Mission Valley Veterans
Center open for business
Tellier (right) and Charlie Blood talk to Lake County Leader reporter
Aimee Niles about the Mission Valley Veterans Center. (B.L. Azure photo)
ST. IGNATIUS - Military veterans have made
sacrifices in their
lives to serve America and their fellow citizens. Many of those who
served paid the ultimate price in America’s wars and in times of peace.
And all of them have paid the residual price - collateral damage - of
their involvement in wars.
Many promises were made to those
that served but many of the promises were not kept and many of those
that were kept were the short shrift version. Consequently military
veterans have had to once again fight for their rights but it is a
lonely fight individually. Every veteran knows that it takes more than
one to win a battle but where does one go for allies after their
service. The answers often were the local fraternal organizations such
as the VFW and American Legion.
Those organizations exist on
the Flathead Reservation but what is often lacking is a building to
hold formal and informal meetings for those organizations. The VFW has
had a physical presence in Polson for a long time and within the last
few years the Ronan VFW chapter has obtained a building to house the
Mission Valley Veterans Center is located just down the street from the
Longhouse on Blind Barnaby Street. (B.L. Azure photo)
Now St. Ignatius has a building to house the
Post 106 there, thanks to the Salish Kootenai Housing Authority and the
Mission Valley Honor Guard. But the Mission Valley Veterans Center is
not just for members of the American Legion or the Mission Valley Honor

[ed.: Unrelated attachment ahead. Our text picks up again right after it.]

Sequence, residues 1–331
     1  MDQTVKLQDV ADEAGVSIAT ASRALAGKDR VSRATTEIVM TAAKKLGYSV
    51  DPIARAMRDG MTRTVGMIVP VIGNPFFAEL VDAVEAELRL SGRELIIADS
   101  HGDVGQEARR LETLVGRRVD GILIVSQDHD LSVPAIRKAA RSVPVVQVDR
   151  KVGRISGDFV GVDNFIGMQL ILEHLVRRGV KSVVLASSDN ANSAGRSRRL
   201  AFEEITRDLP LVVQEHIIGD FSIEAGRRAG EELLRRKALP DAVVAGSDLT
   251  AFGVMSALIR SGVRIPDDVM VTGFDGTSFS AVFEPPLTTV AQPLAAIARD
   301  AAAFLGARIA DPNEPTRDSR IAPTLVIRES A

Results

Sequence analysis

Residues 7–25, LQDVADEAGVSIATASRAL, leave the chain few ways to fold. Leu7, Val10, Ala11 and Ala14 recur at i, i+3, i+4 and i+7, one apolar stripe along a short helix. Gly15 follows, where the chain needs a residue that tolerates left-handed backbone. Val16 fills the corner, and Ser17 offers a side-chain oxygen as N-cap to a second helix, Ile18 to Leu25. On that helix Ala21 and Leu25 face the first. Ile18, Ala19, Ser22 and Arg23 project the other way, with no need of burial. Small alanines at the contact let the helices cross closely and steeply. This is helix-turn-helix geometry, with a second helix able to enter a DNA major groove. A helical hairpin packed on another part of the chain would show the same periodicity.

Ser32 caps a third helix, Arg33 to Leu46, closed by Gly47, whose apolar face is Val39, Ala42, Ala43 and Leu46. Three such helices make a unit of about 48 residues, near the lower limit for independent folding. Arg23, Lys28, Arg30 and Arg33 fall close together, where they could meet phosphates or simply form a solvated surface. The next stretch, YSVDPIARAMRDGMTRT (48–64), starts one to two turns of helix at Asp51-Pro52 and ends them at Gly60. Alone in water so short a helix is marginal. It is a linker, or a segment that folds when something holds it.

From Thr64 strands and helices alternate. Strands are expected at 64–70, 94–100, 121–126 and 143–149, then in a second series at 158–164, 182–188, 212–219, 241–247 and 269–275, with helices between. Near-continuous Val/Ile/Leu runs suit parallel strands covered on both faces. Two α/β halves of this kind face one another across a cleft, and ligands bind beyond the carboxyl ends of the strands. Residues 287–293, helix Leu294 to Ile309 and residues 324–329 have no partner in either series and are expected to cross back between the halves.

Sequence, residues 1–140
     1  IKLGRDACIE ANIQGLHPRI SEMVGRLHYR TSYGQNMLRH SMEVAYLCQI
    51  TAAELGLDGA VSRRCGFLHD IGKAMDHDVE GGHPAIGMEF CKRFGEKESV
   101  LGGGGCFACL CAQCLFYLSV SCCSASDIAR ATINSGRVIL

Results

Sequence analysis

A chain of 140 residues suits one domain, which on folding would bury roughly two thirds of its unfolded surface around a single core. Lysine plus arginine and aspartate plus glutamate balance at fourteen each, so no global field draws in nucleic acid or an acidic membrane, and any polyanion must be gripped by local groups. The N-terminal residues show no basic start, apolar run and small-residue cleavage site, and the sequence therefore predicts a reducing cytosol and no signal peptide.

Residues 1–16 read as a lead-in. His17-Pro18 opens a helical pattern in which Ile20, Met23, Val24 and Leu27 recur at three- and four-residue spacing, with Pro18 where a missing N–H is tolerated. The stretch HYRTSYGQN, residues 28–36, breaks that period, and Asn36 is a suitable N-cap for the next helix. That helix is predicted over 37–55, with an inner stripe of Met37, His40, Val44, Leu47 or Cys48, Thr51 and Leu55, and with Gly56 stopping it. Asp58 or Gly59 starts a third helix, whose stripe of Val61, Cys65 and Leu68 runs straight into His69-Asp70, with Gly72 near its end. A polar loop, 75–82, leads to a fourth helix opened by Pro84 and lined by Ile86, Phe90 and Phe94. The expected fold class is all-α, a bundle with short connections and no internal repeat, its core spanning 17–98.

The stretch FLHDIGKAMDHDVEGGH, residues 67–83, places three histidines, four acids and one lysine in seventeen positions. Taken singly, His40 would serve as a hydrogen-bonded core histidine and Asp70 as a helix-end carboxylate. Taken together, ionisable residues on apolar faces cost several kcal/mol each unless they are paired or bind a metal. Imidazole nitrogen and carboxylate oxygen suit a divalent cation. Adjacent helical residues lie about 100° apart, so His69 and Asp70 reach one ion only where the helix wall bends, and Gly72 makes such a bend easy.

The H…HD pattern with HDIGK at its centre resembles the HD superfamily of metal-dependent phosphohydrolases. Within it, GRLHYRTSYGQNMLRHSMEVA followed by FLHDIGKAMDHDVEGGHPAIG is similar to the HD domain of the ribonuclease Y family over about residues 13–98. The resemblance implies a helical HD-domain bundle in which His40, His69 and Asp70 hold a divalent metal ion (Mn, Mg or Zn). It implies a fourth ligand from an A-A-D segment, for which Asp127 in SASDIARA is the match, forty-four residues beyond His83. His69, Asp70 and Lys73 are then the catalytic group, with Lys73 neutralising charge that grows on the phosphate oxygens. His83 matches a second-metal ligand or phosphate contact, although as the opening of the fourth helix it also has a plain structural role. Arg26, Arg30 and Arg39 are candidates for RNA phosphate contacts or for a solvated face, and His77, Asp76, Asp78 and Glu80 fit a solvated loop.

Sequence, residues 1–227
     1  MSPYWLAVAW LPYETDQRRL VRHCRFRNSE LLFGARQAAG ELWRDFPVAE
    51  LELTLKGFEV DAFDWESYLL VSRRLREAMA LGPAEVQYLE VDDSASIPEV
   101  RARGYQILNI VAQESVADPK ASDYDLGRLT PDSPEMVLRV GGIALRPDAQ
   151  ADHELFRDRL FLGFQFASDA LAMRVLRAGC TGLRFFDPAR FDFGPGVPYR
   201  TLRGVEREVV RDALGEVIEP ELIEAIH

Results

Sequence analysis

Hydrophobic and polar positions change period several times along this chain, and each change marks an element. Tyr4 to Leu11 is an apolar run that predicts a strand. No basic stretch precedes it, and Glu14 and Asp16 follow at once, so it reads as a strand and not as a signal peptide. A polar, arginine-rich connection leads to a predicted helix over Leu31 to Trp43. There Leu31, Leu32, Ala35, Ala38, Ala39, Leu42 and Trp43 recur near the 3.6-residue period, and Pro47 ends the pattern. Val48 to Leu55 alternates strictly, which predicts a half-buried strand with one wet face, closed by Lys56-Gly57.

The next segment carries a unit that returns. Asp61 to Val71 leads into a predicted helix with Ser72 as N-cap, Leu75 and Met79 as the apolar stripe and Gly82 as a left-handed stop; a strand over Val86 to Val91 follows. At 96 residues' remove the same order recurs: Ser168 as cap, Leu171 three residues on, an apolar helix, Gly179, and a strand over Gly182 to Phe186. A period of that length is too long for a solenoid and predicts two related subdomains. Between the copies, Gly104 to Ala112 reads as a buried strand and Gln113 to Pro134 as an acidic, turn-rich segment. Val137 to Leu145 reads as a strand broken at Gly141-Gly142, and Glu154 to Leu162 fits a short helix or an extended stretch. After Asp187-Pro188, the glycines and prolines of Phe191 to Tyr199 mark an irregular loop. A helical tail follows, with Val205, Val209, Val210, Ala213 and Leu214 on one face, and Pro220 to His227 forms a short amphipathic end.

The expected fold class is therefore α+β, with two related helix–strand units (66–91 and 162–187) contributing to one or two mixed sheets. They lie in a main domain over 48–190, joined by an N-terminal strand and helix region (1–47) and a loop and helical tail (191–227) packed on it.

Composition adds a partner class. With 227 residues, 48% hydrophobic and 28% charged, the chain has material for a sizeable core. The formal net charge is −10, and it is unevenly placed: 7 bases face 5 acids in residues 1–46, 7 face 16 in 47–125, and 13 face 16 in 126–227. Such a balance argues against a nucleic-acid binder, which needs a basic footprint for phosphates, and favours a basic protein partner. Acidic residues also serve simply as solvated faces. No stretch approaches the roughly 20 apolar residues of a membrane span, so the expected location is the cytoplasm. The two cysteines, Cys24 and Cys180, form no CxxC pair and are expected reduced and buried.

Guard, according to Leo Tellier, one of the main pushes behind getting
a place for military veterans in St. Ignatius and a founding member of
“The Mission Valley Veterans Center is not just
for the members
of the honor guard or Indian veterans,” Tellier said. “It is for all
Tellier said he approached the Salish Kootenai
Authority about the possibility of the Mission Valley Honor Guard
purchasing a FEMA trailer from them to house the Veterans Center.
“We had heard they (SKHA) had some FEMA trailers
we asked them about buying one,” Tellier said. “Jason Adams (SKHA
director) said this building was available and he offered it to us at
no cost as long as we serve all veterans.”
The Mission Honor Guard signed a one-year lease
with SKHA in
April and began to move in a month later after doing some minor
maintenance on the interior and exterior.
Tellier is very pleased to have the Veterans
Center in St.
Ignatius. It provides the MVHG with a base of operation as well as a
meeting place for them and other veterans’ organizations in the Mission
and Jocko valleys. There are 36 members of the MVHG with an active core
group of 26. Age and health conditions limit active participation by
“We just didn’t have anywhere for veterans to go
here until we
got this place,” Tellier said of the doublewide trailer on Blind
The MVHG is a very busy group especially with all
activities in Lake County and the Flathead Indian Reservation. They are
a fixture in the area parades but their main duty is providing their
services at funerals for deceased veterans or active military personal
killed while in service to the country. The latter duty is exacerbated